|Ellen McLaughlin and Teagle F. Bougere in Roz and Ray (Alan Alabastro)|
Roz and Ray
Seattle Repertory Theatre
Through November 13,2016
Karen Hartman is a local playwright also gaining national recognition. Her newest play, Roz and Ray, is getting a co-world premiere production between the Seattle Repertory Theatre and Victory Gardens Theater in Chicago. The artistic director of Victory Gardens, Chay Yew, supplely directs this production and two veteran actors with national theater credits take on the roles in this roiling, emotional two-hander.
The unassuming title gives nothing away about what kind of relationship Roz and Ray have. It is definitely unique, in that Roz is a hematologist and Ray is a parent of twin hemophiliacs who need constant medical attention and blood products to stay alive. The play jumps back and forward in time from the late 1970s to 1991. This is key to the subject at hand.
We’re talking about AIDS. It’s a potent topic, not significantly explored in plays, though not unknown for including Gay life and AIDS’ affect on that culture, as many or most SGN readers can attest to. But most of us don’t know and can stand some education about how AIDS affected people who needed blood product to live normal lives.
We’re introduced to the doctor and patients when the twins we never actually see are seven years old and are being taught how to self-inject Factor H. We learn that this is a new (in the late ‘70s) kind of blood product that revolutionizes how hemophiliacs can manage care, including allowing them to inject at home, safely – they thought – and avoiding hospital care and improving clotting to enjoy a very much more normal life.
But immediately after that, we jump to 1991 with Ray shouting to the heavens that Roz killed his son! It’s a huge – and theatrically gripping – moment. It immediately intrigues and takes the play out of any normal relationship.
There is a great deal of fascinating dialogue and just enough medical information to allow us to understand how AIDS reached into this population’s medical care and destroyed faith in the blood donation national treatment process. Hartman smartly doesn’t overwhelm here.
The two actors, Ellen McLaughlin and Teagle F. Bougere, are nationally known stars who have both been on the Rep stage from time to time, to our delight. They are of the caliber of actor who could read the phone book and keep an audience interested.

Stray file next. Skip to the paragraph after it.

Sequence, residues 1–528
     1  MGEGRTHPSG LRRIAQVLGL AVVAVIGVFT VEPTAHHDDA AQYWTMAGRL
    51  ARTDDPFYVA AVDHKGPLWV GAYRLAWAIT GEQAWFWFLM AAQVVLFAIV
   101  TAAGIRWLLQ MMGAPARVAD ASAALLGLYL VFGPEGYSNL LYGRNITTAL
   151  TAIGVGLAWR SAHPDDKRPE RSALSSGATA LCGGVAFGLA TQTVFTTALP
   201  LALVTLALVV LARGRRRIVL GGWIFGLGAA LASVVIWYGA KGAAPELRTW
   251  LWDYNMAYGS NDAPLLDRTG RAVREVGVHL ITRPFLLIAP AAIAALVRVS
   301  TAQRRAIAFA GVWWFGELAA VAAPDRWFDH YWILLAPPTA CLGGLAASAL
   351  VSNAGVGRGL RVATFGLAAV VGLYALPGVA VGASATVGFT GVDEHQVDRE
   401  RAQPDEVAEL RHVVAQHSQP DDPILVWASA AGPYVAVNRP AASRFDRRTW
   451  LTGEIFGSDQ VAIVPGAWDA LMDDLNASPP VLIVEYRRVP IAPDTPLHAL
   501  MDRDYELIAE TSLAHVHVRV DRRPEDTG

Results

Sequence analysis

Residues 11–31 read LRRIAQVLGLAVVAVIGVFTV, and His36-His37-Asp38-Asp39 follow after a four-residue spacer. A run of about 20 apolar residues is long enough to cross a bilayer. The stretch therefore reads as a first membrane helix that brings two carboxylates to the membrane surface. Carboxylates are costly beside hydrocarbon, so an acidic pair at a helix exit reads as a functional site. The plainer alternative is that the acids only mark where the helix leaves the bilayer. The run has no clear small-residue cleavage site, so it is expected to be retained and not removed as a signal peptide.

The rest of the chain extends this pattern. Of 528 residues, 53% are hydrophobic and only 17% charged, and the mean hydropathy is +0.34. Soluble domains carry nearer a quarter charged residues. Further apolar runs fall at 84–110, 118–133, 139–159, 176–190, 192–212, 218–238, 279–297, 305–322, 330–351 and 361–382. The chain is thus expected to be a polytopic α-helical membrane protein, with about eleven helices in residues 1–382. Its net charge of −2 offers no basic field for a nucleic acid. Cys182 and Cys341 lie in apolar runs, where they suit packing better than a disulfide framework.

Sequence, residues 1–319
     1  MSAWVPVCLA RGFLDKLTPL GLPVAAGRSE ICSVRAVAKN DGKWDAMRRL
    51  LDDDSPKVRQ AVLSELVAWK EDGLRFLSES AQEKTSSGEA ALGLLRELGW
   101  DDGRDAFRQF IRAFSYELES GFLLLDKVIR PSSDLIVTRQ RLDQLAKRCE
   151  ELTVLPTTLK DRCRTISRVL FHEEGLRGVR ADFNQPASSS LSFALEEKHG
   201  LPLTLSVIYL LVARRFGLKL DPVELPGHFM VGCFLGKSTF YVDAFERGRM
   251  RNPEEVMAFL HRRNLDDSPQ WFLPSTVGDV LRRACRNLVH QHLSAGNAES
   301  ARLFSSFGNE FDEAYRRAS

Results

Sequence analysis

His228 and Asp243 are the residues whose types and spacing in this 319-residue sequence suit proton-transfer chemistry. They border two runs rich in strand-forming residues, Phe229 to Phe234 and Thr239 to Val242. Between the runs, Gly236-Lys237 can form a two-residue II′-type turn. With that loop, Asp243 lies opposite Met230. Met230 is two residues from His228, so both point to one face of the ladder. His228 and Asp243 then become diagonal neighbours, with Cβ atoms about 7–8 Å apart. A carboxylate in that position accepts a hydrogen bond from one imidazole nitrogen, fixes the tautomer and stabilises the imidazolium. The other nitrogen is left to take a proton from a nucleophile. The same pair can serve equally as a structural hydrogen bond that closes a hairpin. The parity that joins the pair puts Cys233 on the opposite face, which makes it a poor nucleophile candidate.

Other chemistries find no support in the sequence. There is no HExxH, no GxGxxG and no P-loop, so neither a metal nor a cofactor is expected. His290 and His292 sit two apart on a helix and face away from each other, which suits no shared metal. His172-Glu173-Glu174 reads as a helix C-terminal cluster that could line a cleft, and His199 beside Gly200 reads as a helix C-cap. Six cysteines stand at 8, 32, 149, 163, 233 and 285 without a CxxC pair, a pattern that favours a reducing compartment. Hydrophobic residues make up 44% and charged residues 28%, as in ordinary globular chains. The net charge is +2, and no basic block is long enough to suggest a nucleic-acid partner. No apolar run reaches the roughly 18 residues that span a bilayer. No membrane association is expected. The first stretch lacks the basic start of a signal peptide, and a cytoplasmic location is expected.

Bougere has the more engaging character, here, with more emotional levels and more humor. McLaughlin’s character has much less humor and more personality confusion, in terms of how to interact with a man she comes to care for while keeping professional boundaries. They have an awkward chemistry, which makes sense in context.
In this iteration of the script, there is an unfortunate subplot. Plays often go through a lot of collaborative feedback and suggestions from other playwrights, directors, and theater friends, and sometimes things might creep into a play that derail it from its full potential. It is impossible, without a conversation with Hartman, to determine how or why a romance got inserted into this play. Maybe it was Hartman’s idea from the start.
However, the topic and the relationship of desperate need between a doctor and a parent of medically fragile children is fraught enough to be fascinating fodder for the play. The interdependence might indeed cause them to be tricked into the idea that they might be romantically interested and psychology has much to say on that topic. But at present, the romance derails the whole play into more of a soap opera and a jilted lover-type scenario than a real medical tragedy.
In fact, there might be an easy fix, since the script is so very solid in every other way. Take out the actual romance (even if one leaves in the moment when they make a mistaken physical connection) and remove the uninspired mawkish ending and you have a play that will demand being produced everywhere in the English-speaking world. It’s potential is that good.